The MA could play an important role in the future of Steiner Teacher education. On the one hand it implicitly addresses many of the criticisms of Steiner / Waldorf education that are currently circulating, but without making them the focus of the study. It affirms the academic credibility of Steiner / Waldorf education as well as the serious way in which academics can understand Steiner (rather than the way of the pseudo-academics who just want to criticise rather than understand). On the other hand, the MA also gives teachers and others the opportunity to get to grips with the core ideas in Steiner and compare them with others, showing similarities as well as differences. This could make an important contribution to Steiner / Waldorf schools movement generally as well as deepen the academic credentials of Steiner Education and Anthroposophy in the World.
The MA could be of value to teachers from Steiner / Waldorf or Mainstream education as well as administrators or simply those interested in the subject. It may also be a good stepping stone for those aspiring to leadership positions in the Steiner / Waldorf Schools movement.
The MA is now recruiting for the next year, so if you would like further information or wish to express an interest in this course please contact:
At the Parent and Child Woodland Group this morning, we discovered huge pumpkins and marrows and tiny gourds, apples, tomatoes, flowers and seed heads. We stopped at a pond with a fish in it and watched the waterfall. The children helped to pick Echinacea and Lemon Balm to make tea. They then had a feast of blackberries and songs were sung whilst chopping and sawing wood.
Ring time was held under the shelter of a beech tree, where traditional songs were sung followed by tea and a porridge. The children helped to add the raisins and chopped apples and stir the yummy feast.
Most importantly there was a lot of splashing around in puddles!
After a busy two years working on their Waldorf Curriculum as well as a maximum of seven GCSE exams, the students of Michael Hall are yet again celebrating excellent GCSE results. With 30 students sitting a total of 194 exams, we are delighted to announce that 93.84% were graded at C or above. 73.3% of year 11 students gained 5 GCSEs including Maths and English and an impressive 36% of the results were A or A* grades. Of the compulsory subjects, English achieved 30% A and A*, with 90% A-C; Maths achieved 83% A-C and Science overall 93.5% A-C. Fantastic results!
Students excelled with a raft of high grades: Flora Durgerian achieved 2A*, 5As and a 5/5 in the English Speaking and Listening component; Yijia Wu achieved 3 A*, 3 As and 1 B; Lorenzo Van Breda achieved 2A*, 4 As, 1 B and a 5/5 in the English Speaking and Listening component ; Kanto Ohara-Maeda 2A*, 4As and 1B Max Durdant-Hollamby 3As, 3Bs and a 5/5 in the English Speaking and Listening component ; Zoe Jordan-Tank 3A*, 2As, 2Bs and a 5/5 in the English Speaking and Listening component; Freddie Lewers 3As, 4Bs and a 5/5 in the English Speaking and Listening component; Koren Livesey 3As, 4Bs and a 5/5 in the English Speaking and Listening component; Finn Purdy; 3A*, 2As, 1B and a 5/5 in the English Speaking and Listening component; and Evangeline Van-Manen 5As, 2Bs and a 5/5 in the English Speaking and Listening component.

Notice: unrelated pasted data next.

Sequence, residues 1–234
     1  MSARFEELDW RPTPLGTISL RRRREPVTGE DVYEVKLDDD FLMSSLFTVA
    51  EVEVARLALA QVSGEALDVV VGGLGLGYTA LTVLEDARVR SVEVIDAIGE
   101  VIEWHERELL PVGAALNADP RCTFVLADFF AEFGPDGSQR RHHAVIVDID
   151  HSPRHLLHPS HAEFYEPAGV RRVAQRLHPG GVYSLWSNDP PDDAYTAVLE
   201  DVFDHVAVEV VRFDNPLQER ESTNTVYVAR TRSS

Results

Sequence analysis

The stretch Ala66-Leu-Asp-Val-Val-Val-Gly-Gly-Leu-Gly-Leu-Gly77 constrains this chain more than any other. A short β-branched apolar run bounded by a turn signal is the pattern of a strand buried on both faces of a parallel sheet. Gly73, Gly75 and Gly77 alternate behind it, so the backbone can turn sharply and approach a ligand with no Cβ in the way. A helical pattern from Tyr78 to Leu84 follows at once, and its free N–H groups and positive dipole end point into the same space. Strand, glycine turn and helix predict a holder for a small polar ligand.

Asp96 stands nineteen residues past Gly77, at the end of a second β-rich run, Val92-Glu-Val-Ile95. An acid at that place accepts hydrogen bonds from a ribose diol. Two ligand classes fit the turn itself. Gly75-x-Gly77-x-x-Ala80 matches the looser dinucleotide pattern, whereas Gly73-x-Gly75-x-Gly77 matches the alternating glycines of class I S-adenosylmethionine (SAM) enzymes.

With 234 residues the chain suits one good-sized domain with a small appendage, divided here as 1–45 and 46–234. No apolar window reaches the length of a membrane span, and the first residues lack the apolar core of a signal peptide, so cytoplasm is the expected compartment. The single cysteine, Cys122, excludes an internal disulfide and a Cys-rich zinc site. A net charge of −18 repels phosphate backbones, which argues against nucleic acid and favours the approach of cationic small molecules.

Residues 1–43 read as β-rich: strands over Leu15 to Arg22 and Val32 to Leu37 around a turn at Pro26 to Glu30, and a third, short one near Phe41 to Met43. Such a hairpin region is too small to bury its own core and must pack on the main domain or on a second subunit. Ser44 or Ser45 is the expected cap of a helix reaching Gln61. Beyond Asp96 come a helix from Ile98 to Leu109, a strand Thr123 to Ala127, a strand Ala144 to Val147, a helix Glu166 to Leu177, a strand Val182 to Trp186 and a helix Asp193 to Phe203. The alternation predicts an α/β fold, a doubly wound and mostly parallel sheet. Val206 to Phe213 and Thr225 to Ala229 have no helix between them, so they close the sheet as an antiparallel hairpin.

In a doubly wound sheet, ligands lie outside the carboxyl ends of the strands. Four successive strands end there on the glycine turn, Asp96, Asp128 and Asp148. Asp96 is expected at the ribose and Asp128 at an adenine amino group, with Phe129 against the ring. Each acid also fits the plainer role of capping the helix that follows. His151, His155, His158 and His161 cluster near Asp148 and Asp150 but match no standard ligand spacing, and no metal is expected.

Congratulations to all our students, their teachers and parents for their hard work and well deserved results!
Audrey Reggio, our Upper School Coordinator & Examinations Officer
Well done to all of our pupils who worked so hard and achieved so well in their A levels this summer. 47% of our students gained A* or A grades, with 93% having grades between C and A*. We were delighted that our students had a 100% pass rate for their A2 examinations.
Our congratulations go particularly to: Nathaniel Carpenter who gained A* A* A and is off to Imperial College London, Rohan Stevenson (AAA), Adriana Lasheras-Mabanta (A* A B), Eluned Gulbekian Faram (A*A B), Ava Wesson (A* A B) Laura Manning (AAB) Miranda Blaxland-De Lange (A* A B).
We are particularly pleased this year with our Fine Art results where, out of 10 students 5 received A* and 4 received an A. Special mention should also be made of Lennox Smith in his AS results achieving A grades in every unit that he took and to Jani Pritchard of the same year who took his German A level in one year and achieved an A*
Congratulations to all of the pupils and to the staff at the School for working so hard to support these results. It is important to note that, in addition to taking these examinations and achieving such impressive results the students have spent 50% of their time on a Waldorf, non-examined curriculum providing greater breadth and depth to their education.
Audrey Reggio, our Upper School Coordinator & Examinations Officer
Class 11 Social Practical - A trip to Botton Village